According to Dr. O’Haire, so far, the research already has helped lead to the signing of the federal Puppies Assisting Wounded Servicemembers (PAWS) for Veterans Therapy Act. The new law requires the Department of Veterans Affairs “… to conduct a five-year pilot program to provide canine training to eligible veterans diagnosed with PTSD, as an element of a complementary and integrative health program.” While that milestone is significant, Dr. O’Haire emphasized the importance of further research to establish additional documentation showing that service dog programs are worth the investment. Service dogs are already in high demand and she points out that increased public support and funding not only would help people who stand to benefit from service dogs, but also would help to maximize the effectiveness of these working dogs.
Dr. O’Haire also briefly discussed other examples of service dog programs, including those that involve providing facility dogs for pediatric oncology centers and service dogs for individuals with autism spectrum disorder. Pediatric oncology facility dogs have been shown to help hospital personnel reduce burnout, turnover, and improve mental health. Dr. O’Haire concluded her talk by explaining how these other service dog applications also require further research to satisfactorily document their efficacy and help heighten support for service dog programs of all kinds.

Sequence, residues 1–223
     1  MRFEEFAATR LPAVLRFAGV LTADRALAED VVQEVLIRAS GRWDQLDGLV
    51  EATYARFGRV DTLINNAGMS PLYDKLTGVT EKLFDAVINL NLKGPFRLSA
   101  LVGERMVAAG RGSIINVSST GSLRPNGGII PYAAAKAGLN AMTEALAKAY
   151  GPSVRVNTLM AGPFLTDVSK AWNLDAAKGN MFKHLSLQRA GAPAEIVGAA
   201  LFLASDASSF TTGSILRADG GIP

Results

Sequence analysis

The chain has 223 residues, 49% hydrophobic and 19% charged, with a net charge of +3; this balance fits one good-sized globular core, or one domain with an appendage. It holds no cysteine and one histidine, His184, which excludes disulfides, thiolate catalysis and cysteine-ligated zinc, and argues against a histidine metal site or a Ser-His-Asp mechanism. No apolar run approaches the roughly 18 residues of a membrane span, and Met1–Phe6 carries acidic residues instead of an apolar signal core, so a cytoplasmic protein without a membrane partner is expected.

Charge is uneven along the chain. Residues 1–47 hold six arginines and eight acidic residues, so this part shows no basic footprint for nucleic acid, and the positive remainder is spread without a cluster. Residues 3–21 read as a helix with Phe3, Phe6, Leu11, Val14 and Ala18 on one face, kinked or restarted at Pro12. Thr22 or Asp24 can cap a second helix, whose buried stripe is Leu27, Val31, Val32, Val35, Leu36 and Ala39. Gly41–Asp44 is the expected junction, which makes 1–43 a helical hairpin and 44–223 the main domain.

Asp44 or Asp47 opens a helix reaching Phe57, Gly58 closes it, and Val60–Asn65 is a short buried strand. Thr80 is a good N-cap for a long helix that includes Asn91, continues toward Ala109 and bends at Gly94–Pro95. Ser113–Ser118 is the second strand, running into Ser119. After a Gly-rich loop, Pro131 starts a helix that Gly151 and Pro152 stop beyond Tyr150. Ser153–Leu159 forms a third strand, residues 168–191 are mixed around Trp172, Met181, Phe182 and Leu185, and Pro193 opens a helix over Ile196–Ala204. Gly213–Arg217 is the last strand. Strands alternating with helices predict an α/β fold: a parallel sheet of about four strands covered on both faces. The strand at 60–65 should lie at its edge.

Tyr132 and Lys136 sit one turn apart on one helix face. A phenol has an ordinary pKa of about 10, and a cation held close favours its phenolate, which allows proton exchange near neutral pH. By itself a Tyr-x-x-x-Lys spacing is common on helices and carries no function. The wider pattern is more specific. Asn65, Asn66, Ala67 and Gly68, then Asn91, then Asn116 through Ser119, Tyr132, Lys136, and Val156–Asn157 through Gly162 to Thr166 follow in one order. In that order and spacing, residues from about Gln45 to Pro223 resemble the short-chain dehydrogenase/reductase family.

Dr. Knapp’s special presentation marking the occasion of the 60th anniversary of the Omicron Chapter of Phi Zeta, addressed the topic, “Combining Clinical and Basic Science to Grow a Research Program in a Clinical Setting.” Drawing on her own experience as a clinician who developed a successful comparative medicine research program focused on bladder cancer, Dr. Knapp stressed the importance of clinicians doing research. “That’s the only way we will change the outlook for the diseases we see every day,” Dr. Knapp explained. “If we don’t do research, 25 years from now, we’re not going to be giving any better outlooks than what we’re giving today.”
Dr. Knapp also emphasized how clinicians understand what really matters in the disease they choose to study, “We understand what questions we have to answer to make progress.” She also described how clinicians can serve as a bridge between other scholars, including basic scientists and medical doctors, and highlighted the importance of training, from learning general research methods, to becoming an exceptional critical thinker.
In addition, Dr. Knapp stressed the importance of focus, noting that veterinarians treat patients with different diseases every day, and this leads to a natural tendency to jump around from one disease to another in their research. She said in order to have the most impact, it’s important not to do that. “Research focus is how you’re going to have impact – how you’re really going to change the disease that you choose to study,” Dr. Knapp said. She recalled her own experience of getting involved in research on bladder cancer because of what happened in the case of canine oncology patients treated with Piroxicam, a non-steroidal anti-inflammatory drug. “We didn’t know it had anti-tumor effects. We were just trying to make the dogs comfortable.” But Dr. Knapp had observed that in both cases, the dogs’ tumors shrank dramatically. “That drug was my initial focus on cox inhibitors. And from there we jumped into bladder cancer because that was one of the tumor types where these drugs were having the most activity. Once we got into the bladder cancer field, we realized we can answer a lot of really important questions in dogs. So we maintained those two overlapping focus areas.”